sata-e[serial], sata[serial], pata[parrallel] ,SCSI [several, and chainable to 15+ drives on one cable, we should have used that as generic] ,shugart these are all drive interfaces and there are more too going back in the day.... Reply
  • metayoshi - Thursday, May 15, 2014 - link

    "It's simply much faster to move electrons around a silicon chip than it is to rotate a heavy metal disk."

    While SSD performance blows HDDs out of the water, the quoted statement is technically not correct. If you take a single channel NAND part and put it up against today's mechanical HDDs, the HDD will probably blow the NAND part out of the water in everything except for random reads.

    What really kills HDD performance isn't the just rotational speed as much as it is the track-to-track seek + rotational latency of a random workload. A sequential workload will reduce the seek and rotational latency so much that the areal density of today's 5 TB HDDs will give you pretty good numbers. In a random workload however, the next block of data you want to read is most likely on a different track, different platter, and different head. Now it has to seek the heads to the correct track, perform a head switch because only 1 head can be on at a time, and then wait for the rotation of the disk for that data block to be under the head.

    A NAND part with a low number of channels will give you pretty crappy performance. Just look at the NAND in smartphones and tablets of today, and in the SD cards and USB thumb drives of yesteryear. What really makes SSDs shine is that they have multiple NAND parts on these things, and that they stripe the data across a huge number of channels. Just think RAID 0 with HDDs, except this time, it's done by the SSD controller itself, so the motherboard only needs 1 SATA (or other like PCIe) interface to the SSD. That really put SSDs on the map, and if a single NAND chip can do 40 MB/s writes, think about 16 of them doing it at the same time.

    So yes, there's no question that the main advantage of SSDs vs HDDs is an electrical vs mechanical thing. It's just simply not true that reading the electrical signals off of a single NAND part is faster than reading the bits off of a sequential track in an HDD. It's a lot of different things working together.
    Reply
  • iwod - Friday, May 16, 2014 - link

    I skim read it. Few things i notice, No Power usage testing. But 0.05w idle is pretty amazing. Since the PCI-E supply the power as well i guess they could be much better fine grained? Although Active was 5.6W. So at the same time we want more performance == faster controller while using much lower power. it seems there could be more work to do.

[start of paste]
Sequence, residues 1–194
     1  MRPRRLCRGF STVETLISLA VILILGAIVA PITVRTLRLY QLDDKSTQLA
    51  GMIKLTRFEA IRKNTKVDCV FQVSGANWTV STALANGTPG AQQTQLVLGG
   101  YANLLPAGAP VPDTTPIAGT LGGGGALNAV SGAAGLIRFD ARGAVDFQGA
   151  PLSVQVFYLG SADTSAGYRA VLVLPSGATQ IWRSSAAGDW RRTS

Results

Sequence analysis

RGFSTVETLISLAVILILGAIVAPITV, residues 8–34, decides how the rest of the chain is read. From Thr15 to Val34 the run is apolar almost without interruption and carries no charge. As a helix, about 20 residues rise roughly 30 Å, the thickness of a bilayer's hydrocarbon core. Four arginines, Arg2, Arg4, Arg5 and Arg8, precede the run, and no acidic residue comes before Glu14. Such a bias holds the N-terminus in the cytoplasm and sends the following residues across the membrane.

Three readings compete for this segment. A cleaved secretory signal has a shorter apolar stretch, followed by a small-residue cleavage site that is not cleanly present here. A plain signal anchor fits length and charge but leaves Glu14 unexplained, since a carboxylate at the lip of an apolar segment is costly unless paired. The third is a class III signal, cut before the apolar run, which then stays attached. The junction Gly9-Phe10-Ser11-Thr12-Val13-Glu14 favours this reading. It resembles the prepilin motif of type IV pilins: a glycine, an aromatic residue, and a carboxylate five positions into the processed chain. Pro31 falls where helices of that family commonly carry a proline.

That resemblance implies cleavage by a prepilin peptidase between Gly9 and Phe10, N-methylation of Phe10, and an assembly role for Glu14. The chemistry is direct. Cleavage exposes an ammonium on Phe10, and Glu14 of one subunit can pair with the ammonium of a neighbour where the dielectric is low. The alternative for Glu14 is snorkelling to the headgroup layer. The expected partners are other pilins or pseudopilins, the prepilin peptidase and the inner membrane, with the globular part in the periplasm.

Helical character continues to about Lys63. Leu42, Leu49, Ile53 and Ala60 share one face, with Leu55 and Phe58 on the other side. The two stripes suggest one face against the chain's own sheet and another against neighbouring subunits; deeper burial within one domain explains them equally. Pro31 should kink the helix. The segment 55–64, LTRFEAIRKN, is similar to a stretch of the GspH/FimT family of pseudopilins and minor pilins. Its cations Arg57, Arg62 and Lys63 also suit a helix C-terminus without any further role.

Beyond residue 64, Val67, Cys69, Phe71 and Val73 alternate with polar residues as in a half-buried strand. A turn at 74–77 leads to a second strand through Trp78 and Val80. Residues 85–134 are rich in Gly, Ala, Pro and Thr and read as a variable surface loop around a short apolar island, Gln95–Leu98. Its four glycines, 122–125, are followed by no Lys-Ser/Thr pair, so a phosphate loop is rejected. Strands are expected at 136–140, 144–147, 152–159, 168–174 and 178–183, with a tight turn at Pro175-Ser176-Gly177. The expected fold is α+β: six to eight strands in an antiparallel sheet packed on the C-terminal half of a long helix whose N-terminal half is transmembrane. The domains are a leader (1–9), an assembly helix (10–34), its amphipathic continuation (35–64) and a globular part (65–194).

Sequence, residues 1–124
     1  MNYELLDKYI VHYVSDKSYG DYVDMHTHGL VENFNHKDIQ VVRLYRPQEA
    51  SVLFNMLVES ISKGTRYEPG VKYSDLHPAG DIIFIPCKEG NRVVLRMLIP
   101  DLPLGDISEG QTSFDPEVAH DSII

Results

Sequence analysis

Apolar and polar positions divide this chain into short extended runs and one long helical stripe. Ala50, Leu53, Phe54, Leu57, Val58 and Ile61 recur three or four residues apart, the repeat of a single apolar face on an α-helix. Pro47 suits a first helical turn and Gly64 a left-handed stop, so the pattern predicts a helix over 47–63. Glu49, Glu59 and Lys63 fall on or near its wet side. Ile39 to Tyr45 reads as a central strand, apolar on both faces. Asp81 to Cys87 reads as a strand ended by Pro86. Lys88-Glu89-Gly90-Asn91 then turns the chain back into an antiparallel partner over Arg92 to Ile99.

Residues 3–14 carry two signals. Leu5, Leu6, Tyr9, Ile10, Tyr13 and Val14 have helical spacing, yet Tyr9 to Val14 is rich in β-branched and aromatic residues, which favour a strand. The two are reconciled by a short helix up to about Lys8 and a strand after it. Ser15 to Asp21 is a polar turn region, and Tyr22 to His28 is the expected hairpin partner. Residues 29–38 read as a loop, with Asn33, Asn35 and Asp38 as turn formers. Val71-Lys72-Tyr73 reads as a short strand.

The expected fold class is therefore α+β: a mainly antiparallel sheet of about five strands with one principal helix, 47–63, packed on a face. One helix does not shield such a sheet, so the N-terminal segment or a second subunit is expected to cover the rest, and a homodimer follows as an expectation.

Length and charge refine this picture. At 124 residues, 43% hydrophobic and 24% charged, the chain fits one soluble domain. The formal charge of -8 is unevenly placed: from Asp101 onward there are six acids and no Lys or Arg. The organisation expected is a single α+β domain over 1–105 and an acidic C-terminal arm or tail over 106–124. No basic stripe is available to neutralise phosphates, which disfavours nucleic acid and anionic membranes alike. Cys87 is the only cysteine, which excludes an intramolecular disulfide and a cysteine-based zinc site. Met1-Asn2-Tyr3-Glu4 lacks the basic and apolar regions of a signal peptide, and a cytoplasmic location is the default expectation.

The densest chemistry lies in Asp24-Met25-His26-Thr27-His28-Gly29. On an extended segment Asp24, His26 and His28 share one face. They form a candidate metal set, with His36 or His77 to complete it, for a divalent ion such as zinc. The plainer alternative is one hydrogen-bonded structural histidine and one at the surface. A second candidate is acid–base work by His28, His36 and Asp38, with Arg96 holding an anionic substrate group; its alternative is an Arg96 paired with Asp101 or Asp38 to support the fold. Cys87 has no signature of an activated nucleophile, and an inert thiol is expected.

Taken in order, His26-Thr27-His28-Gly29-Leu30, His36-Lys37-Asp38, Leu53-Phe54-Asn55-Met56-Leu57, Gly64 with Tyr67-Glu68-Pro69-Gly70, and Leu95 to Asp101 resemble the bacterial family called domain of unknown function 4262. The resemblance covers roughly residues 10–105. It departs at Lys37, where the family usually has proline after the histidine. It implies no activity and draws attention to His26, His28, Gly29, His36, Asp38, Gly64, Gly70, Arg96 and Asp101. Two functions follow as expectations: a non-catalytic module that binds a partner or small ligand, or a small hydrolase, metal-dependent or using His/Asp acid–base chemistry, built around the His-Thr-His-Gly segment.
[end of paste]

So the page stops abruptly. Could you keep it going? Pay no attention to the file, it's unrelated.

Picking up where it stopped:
I wonder if the relative slow Random I/O were due to Samsung betting its use on NVMe instead of ACHI.
    Reply
  • iwod - Friday, May 16, 2014 - link

    It also prove my points about Random I/O. We see how Random I/O for xp941 being at the bottom of the chart while getting much better benchmarks results. Seq I/O matters! And It matters a lot. The PCI -E x4 interfaces will once again becomes bottleneck until we move to PCI-E 3.0 Which i hope we do in 2015.
    Although i have this suspicious feeling intel is delaying or slowing down our progression.
    Reply
  • nevertell - Friday, May 16, 2014 - link

    Can't you place the bootloader on a hard drive, yet have it load the OS up from the SSD ? Reply
  • rxzlmn - Friday, May 16, 2014 - link

    'Boot Support: Mac? Yes. PC? Mostly No.'

    Uh, a Mac is a PC. On a serious tech site I don't expect lines like that.
    Reply
  • Penti - Friday, May 16, 2014 - link

    Firmware differences. Reply
  • Haravikk - Friday, May 16, 2014 - link

    It still surprises me that PCs can have so many hurdles when it comes to booting from various devices; for years now Macs have been able to boot from just about anything you plug into them (that can store data of course). I have one machine already that uses an internal drive combined with an external USB drive as a Fusion Drive, and it not only boots just fine, but the Fusion setup really helps eliminate the USB performance issues.

    Anyway, it's good to see PCIe storage properly reaching general release; it's probably going to be a while before I adopt it on PCs, as I'm still finding regular SATA or M.2 flash storage runs just fine for my needs, but having tried Apple's new Mac Pros, the PCIe flash really is awesome. Hopefully the next generation of Mac Pros will have connectors for two, as combined in a RAID-0 or RAID-1 the read performance can be absolutely staggering.
    Reply